Hi, my MacBook Pro had a problem, someday it ran extremely slow, and I restarted it, when it was booting the little Apple turned into a circle with a slide cross and then into a folder...and then into the Apple...and so many times...I tried everything but nothing works. I heard that I can boot my Mac from an external hard drive or using USB drive to startup it. What should I do?
Is your MacBook Pro/Air, iMac, Mac Mini not booting up after the latest macOS update? Or you see the Apple booting loop or a black, gray screen of death? If so, your Mac won't boot from the Mac internal hard drive for some reason. Though booting the MacBook Pro from an external hard drive is a feasible way, there are some limits as well.
To be frank, when Mac is not booting from Mac hard drive, you can fix it either with or without an external bootable device. Let's start with the reasons for Mac hard drive not booting and then check solutions one by one.
Reasons your MacBook Pro won't boot from internal Mac hard drive
In most cases, Mac hard drive not booting can be caused by one or more of these, such as problems with the computer's PRAM, corrupted startup disk directory or file system, damaged or deleted Mac operating system files, disk or computer hardware issues.
If you are fortunate enough that the MacBook Pro won't completely boot but you can see the loading bar or any startup screens, you are going to fix the boot problems with the following ways.
First of all: Back up your Mac files
Since you have a boot problem with your MacBook Pro hard drive, the usual course of action is to repair the startup drive and boot the computer. But have you backed up important data? If the answer is "No", it's advised to recover lost from the crashed/dead MacBook Pro before doing anything else. Because in this situation, the original data on the MacBook Pro is so fragile that any operation will overwrite it.
iBoysoft Data Recovery for Mac is the best free Mac hard drive and Apple SSD data recovery software that can recover lost data from MacBook Pro, MacBook Air, iMac, and Mac Mini that won't turn on. Also, it can recover data from Macs with Apple's T2 security chip, and recover lost data after update of macOS Big Sur 11/Catalina 10.15/Mojave 10.14/High Sierra 10.13/10.12 and 10.11/10.10/10.9/10.8/10.7.
There is no need to take out the crashed MacBook Pro hard drive. You are allowed to create a bootable USB and recover lost data or run the software through iBoysoft Server.
Guide to recover data from MacBook Pro that won't boot
If you only have the crashed MacBook Pro computer at your hand, then running macOS Recovery Mode will do you a great favor in the troubleshooting process.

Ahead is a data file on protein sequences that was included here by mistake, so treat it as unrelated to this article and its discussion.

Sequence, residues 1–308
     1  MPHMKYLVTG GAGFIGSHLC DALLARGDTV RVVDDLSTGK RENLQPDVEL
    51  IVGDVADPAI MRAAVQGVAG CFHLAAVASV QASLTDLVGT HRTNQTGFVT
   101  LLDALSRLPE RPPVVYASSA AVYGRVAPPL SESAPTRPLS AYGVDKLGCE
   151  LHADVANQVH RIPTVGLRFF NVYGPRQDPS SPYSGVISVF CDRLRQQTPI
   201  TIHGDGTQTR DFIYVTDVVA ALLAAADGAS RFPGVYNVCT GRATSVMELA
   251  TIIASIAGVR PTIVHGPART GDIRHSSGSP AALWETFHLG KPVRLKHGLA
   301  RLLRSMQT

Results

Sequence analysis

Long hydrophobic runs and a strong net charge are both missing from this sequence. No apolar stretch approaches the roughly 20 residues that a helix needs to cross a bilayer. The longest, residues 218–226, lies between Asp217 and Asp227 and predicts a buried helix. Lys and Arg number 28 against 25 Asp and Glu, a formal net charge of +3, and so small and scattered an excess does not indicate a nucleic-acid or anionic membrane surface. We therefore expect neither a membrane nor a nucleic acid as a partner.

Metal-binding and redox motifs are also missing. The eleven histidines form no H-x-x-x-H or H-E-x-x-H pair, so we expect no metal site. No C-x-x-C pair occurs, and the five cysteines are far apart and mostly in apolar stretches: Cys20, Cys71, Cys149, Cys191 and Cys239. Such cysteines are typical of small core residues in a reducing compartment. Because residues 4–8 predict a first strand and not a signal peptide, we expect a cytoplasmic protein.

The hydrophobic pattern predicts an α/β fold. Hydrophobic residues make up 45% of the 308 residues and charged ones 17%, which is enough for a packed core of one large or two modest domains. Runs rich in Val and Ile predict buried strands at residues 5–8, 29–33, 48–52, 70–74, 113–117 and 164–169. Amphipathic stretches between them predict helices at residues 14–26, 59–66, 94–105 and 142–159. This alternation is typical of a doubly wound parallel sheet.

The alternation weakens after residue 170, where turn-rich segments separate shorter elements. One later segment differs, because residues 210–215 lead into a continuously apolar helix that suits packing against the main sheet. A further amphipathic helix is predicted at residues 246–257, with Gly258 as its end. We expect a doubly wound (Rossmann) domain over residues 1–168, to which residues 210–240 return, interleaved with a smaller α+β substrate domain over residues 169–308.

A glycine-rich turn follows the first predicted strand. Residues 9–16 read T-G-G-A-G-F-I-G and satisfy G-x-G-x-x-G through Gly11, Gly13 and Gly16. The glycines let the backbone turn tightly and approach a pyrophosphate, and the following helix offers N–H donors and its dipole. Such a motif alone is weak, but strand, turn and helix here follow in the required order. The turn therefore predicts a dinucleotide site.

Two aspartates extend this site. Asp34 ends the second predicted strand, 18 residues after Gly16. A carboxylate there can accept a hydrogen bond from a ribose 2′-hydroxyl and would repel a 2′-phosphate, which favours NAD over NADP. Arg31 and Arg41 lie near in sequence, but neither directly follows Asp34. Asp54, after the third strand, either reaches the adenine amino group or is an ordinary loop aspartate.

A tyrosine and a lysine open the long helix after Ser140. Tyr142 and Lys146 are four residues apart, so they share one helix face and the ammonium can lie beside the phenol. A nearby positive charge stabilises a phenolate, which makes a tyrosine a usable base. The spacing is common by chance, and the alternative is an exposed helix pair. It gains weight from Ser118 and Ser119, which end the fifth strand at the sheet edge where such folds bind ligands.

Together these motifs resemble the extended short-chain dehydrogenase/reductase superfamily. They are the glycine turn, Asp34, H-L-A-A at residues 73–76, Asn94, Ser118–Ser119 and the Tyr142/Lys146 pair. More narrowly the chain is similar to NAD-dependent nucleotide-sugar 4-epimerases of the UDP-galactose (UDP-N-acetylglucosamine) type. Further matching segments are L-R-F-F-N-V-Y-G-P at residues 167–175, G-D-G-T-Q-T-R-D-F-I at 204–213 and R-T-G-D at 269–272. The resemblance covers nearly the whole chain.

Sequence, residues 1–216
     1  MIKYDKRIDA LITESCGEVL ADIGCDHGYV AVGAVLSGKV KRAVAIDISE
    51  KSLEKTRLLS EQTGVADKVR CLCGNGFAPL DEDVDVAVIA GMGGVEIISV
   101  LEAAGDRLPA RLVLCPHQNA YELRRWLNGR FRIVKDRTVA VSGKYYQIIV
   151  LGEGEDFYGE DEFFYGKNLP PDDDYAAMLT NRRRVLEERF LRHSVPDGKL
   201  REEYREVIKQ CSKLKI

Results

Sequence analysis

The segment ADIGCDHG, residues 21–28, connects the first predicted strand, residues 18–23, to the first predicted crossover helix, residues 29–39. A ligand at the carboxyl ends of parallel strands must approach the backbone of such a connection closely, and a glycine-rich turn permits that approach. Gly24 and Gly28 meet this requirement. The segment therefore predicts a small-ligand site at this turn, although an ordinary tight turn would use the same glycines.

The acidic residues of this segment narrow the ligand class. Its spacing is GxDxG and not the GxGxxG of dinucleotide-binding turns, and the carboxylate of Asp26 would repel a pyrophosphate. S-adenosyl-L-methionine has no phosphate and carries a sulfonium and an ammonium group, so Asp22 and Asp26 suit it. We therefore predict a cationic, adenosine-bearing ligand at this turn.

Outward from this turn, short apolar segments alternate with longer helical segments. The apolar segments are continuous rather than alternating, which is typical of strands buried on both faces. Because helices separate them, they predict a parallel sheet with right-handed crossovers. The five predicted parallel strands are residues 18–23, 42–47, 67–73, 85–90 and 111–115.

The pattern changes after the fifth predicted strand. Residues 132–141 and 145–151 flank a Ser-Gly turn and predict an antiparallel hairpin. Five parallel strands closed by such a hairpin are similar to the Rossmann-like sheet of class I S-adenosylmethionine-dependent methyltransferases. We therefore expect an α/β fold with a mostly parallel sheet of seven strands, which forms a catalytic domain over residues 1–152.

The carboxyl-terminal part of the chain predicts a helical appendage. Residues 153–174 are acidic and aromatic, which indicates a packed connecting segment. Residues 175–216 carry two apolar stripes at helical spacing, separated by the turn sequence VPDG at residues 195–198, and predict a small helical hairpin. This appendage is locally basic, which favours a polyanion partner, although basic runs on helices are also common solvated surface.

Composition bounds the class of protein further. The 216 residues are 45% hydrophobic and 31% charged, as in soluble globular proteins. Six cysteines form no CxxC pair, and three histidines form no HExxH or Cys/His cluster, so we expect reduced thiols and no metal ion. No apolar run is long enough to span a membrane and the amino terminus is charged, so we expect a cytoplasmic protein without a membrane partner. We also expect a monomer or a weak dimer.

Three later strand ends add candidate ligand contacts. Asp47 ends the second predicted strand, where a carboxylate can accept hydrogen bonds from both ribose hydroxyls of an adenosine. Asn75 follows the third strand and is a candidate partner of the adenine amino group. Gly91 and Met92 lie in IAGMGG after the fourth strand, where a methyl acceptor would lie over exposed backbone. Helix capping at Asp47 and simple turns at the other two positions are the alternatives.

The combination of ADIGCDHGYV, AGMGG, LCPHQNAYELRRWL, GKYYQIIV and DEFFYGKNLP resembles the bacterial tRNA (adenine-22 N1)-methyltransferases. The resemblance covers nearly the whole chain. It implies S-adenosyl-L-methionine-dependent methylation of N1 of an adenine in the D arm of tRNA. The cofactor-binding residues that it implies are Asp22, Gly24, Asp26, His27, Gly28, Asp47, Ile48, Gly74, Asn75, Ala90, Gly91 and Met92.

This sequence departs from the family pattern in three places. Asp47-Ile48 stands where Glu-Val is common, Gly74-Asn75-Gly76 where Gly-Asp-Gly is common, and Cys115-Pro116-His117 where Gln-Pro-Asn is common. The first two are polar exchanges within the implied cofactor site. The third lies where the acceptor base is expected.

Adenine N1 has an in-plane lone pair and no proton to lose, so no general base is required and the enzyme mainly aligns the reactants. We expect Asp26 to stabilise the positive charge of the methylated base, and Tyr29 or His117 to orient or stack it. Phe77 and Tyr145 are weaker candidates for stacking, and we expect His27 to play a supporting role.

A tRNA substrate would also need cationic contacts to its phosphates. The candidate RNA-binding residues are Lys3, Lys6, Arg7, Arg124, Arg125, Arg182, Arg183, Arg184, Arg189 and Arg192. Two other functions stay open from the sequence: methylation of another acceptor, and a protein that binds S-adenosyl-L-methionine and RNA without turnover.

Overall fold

Here is how to recover lost data from the unbootable Mac under macOS Recovery Mode using iBoysoft Data Recovery for Mac.
Step 1: Force your MacBook Pro to shut down completely at first.
Step 2: Restart the MacBook Pro in the Internet Recovery Mode. You need to press the Power button and then immediately hold Option + Command + R key combinations. You can release the key combinations until you see the spinning globe.
You will see the spinning globe instead of the apple logo. It's because you're starting macOS Recovery via the internet. When you see the macOS Utilities menu, your Mac is in the macOS Recovery Mode.
Step 3: Choose a network for your MacBook Pro and make it connected to your computer all the time.
Step 4: Open Terminal from Utilities drop-down menu.
Step 5: Run the following command and wait a moment. This will launch iBoysoft Data Recovery for Mac in macOS Recovery mode.
sh <(curl http://boot.iboysoft.com/boot.sh)
Step 6: After iBoysoft Data Recovery for Mac launched, you can continue to get data off the unbootable Mac.
Step 7: In iBoysoft Data Recovery for Mac, you can select the Mac hard drive in the list.
Step 8: Click on the Scan button. The program will start scanning for lost data on the drive.
Step 9: Preview the scanning results and choose the files you want to get back.
Step 10: Click on the Recover button. You will be asked to choose a location to store the recovered files. Please select a different location, such as an external drive. But make sure the external drive is not formatted with NTFS file system because macOS cannot write to NTFS drive.
Now you have get files off the crashed MacBook Pro's hard drive for your sake, which makes you free to go fix the boot problems without data loss.
Guide to start MacBook Pro when Mac hard drive not booting up
Solutions in this part include some general checks and fixes, booting Mac from Safe Mode, booting Mac from macOS Recovery mode (Single User Mode), booting Mac from the external hard drive, etc. One or more of them may work.
Solution 1: Reset your Mac's NVRAM settings
NVRAM stores information the computer needed before it loaded the operating system. If NVRAM gets corrupted, your Mac might not start up correctly. To reset NVRAM settings, shut down your Mac, press the power button, and as soon as you power up the laptop, hold down Command-Option-P-R. Keep holding down those keys for about 20 seconds. Then let go and allow your Mac to continue starting normally.
Solution 2: Boot your Mac in Safe Mode